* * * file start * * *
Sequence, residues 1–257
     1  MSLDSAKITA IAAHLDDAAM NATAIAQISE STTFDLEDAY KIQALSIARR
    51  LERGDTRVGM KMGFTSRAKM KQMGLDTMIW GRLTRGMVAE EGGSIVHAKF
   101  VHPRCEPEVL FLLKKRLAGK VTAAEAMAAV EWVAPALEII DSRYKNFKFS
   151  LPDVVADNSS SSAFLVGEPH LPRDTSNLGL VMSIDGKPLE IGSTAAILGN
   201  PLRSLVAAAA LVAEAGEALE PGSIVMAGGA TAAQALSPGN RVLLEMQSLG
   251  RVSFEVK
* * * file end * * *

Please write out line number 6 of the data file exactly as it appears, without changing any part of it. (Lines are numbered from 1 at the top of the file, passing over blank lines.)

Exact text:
   201  PLRSLVAAAA LVAEAGEALE PGSIVMAGGA TAAQALSPGN RVLLEMQSLG